This video from the 2013 Halloween Hooptiefest 24 Hours of LeMons race is the kind of scary stuff that keeps us reviewing cars instead of racing them. This driver is puttering about, carrying good speed and, from the brief recording we can see, driving quite well. That is, until another driver, who seemingly comes out of nowhere, attempts to put his front tire where the passenger seat should be.
The man who, on the internet, goes by the name Speedycop has unleashed his latest crazy contraption on the racing masses at LeMons: an upside-down Camaro. Speedycop, self-described as "an eight-year-old kid trapped in a 40-year-old body, with just enough talent to pull off my wacky ideas," fashioned this beast out of the sordid carcasses of two vehicles, "a wretched 1990 Ford Festiva and a horrible 1999 Chevy Camaro."
It's finally happened. A 24 Hours of LeMons team has built the definitive interpretation of The Homer from The Simpsons for competition in an upcoming race. As you may recollect, The Homer is the fictional car designed by Homer Simpson for his brother's car company. Designed with a separate compartment for screaming children and other Homer-centric goodies, the animated machine bankrupted its parent company and put Homer's brother out of a job. Now we get to watch it race other crap cans as it t
The Internet hasn't made the world any more zany, but it has made it easier for us to share our communal zaniness. That's how it's come about that a newspaper in England has led us to a man in South Carolina who turned a Cessna into a car. The 27-foot Spirit of LeMons is a 1956 Cessna 310 body laid over a Toyota minivan chassis, originally built to compete in the 24 Hours of LeMons race in South Carolina. When the racing was done, its builder, Jeff Bloch – a.k.a. Speedycop – and The
One of the truly great things about a LeMons race is that the event is a celebration of all cars. We appreciate the fact that Lamborghini and Ferrari models get all sorts of fanfare throughout the year, but where else will you see a lowly Ford Fairmont cheered around a road track? Nowhere else, we tell you. The races are also an excuse for the lowliest of hardware to rub shoulders with high end metal. Take a recent event at Monticello Motor Club, for example. James Glickenhaus stopped in with hi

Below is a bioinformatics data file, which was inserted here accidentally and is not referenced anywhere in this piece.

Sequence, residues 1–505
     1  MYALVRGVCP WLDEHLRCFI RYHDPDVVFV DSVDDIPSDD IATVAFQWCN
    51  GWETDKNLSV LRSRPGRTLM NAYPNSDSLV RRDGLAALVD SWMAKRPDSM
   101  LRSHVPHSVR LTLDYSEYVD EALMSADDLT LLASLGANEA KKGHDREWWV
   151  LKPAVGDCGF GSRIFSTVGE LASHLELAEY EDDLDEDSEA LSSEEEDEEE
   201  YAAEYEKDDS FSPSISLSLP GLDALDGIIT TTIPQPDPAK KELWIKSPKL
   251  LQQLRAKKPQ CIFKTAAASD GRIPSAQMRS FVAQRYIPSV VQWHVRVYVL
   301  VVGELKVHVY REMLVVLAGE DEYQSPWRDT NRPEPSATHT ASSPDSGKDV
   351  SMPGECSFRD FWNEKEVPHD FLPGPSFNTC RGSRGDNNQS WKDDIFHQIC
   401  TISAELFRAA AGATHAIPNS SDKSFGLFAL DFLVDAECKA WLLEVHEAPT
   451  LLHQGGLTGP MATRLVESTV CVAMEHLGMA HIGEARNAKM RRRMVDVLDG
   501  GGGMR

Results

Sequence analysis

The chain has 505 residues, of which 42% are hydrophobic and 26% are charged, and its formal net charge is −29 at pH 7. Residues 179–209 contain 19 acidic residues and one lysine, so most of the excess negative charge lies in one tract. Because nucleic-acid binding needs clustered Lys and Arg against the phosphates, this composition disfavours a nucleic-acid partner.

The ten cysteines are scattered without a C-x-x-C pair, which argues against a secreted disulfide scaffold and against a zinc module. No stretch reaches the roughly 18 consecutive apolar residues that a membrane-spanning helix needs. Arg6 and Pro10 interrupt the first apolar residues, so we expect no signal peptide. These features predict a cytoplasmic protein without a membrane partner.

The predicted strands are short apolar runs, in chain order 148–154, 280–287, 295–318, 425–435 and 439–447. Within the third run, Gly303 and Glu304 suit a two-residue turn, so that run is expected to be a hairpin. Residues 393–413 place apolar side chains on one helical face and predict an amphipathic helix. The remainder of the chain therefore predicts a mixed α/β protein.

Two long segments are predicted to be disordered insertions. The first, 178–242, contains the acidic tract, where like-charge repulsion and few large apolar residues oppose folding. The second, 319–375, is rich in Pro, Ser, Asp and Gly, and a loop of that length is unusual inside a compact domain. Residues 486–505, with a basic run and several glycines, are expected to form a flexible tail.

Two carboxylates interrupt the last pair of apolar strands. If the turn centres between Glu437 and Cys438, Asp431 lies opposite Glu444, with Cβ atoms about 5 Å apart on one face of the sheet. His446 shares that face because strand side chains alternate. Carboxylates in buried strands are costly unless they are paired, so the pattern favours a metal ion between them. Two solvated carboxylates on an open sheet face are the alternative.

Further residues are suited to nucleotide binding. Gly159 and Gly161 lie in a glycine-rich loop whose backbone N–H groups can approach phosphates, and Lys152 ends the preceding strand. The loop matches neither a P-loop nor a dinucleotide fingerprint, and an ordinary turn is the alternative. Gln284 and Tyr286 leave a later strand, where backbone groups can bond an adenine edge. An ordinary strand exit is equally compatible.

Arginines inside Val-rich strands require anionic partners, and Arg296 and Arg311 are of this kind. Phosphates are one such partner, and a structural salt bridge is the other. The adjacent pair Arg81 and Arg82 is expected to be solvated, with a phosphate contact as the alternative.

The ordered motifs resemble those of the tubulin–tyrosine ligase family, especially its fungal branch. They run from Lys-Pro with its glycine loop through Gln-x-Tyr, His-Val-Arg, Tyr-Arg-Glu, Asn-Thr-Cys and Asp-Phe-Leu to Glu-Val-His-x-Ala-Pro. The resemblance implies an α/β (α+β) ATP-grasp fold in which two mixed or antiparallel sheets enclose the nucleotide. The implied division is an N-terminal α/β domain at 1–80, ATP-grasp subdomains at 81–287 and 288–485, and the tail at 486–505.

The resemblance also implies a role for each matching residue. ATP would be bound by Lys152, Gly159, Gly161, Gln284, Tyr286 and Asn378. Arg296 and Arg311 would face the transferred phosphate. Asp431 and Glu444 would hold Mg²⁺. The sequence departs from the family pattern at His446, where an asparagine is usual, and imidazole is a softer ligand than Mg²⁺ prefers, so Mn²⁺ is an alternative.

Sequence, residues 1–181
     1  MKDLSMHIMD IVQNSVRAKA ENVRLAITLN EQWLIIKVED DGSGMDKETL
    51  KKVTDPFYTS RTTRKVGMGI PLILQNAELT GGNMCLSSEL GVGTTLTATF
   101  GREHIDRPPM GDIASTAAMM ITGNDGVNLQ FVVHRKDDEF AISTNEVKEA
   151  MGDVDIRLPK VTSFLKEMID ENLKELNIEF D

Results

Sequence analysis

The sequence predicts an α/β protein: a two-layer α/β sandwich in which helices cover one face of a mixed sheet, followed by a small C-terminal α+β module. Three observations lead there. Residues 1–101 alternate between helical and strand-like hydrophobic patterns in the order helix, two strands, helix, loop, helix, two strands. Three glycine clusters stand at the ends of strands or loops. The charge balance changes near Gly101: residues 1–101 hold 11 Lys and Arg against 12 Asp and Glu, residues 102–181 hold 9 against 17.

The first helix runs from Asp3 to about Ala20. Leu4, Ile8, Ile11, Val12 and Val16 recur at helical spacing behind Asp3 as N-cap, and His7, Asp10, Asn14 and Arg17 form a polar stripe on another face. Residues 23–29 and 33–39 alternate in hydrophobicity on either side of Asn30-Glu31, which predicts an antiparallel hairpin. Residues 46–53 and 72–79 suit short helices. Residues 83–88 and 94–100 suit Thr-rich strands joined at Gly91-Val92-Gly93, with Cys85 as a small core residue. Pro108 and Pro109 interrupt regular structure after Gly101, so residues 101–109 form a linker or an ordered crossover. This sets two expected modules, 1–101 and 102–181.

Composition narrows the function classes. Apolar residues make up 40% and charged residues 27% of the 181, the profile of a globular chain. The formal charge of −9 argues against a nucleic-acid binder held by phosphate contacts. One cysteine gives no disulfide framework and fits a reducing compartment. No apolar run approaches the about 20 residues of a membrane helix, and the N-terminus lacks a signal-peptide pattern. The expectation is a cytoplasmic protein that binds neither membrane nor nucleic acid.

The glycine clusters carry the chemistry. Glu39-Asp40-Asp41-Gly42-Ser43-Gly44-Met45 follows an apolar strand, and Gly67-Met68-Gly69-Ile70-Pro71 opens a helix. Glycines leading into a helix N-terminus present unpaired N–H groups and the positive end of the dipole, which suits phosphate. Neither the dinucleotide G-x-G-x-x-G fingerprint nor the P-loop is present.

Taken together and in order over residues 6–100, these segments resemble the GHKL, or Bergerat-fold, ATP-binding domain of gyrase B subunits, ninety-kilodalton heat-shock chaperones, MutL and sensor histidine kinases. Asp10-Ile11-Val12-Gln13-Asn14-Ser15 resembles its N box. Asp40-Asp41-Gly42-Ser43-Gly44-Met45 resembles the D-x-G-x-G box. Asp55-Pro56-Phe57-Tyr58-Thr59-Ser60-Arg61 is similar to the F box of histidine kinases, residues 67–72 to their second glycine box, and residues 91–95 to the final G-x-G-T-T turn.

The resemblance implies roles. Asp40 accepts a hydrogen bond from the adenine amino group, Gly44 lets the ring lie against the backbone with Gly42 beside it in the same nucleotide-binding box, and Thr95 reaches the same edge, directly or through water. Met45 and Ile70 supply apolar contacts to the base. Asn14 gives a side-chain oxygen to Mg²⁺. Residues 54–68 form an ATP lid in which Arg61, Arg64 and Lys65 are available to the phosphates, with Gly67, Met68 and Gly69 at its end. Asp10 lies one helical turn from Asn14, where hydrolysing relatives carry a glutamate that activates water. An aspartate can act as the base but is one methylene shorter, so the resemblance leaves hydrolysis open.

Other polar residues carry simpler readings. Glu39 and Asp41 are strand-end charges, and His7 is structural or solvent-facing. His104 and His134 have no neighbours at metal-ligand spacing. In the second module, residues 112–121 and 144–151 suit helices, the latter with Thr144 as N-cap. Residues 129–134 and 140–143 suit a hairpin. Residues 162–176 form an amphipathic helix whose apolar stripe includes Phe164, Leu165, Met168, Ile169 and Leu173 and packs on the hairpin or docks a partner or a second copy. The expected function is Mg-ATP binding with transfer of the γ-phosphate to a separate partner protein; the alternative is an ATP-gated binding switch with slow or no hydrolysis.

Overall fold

Remember last Tuesday when we told you that a new episode of The List was going to air on Speed that night? Yeah, well... sorry about that. Scheduling snafu. But Autoblog's series is back on network television tonight after a week off for special programming.
This week's episode of The List on Speed brings together two episodes of the series that highlight some unique forms of four-wheeled competition. The first is the 24 Hours of LeMons, in which hosts Jessi Combs and Patrick McIntyre, compete on a team that dredged the depths of British automotive history to find their race cars.
There might be only one veggie-powered Chevrolet Corvette in the world, and it's part of the 24 Hours of LeMons endurance racing series that showcases $500 beater cars. "Spank," the owner and builder, has pieced together the Cor-Vegge on a a C4 Corvette body, powered by a 1980s Oldsmobile diesel engine and fueled by waste vegetable oil.
This weekend, Audi marked the competition debut of its latest R18 race cars at the second round of the World Endurance Championship at Spa-Francorchamps. Yet the most spectacular race car running on any track this weekend was thousands of miles away at the New Hampshire Motor Speedway in the 24 Hours of Lemons "Loudon Annoying" event taking place at the very same time.
In an effort to stay on the bleeding edge of old crap-bucket technology, the 24 Hours of LeMons has now created a prize specifically for autonomous vehicles. The X Ceedingly Bad Idea Prize will award one million shiny new nickels to the first team that manages to pilot an autonomous vehicle to a win. We assume that carries a caveat of not killing anyone in the process. As always, the vehicle itself can't cost more than $500, though the associated technological wizardry required to keep the drive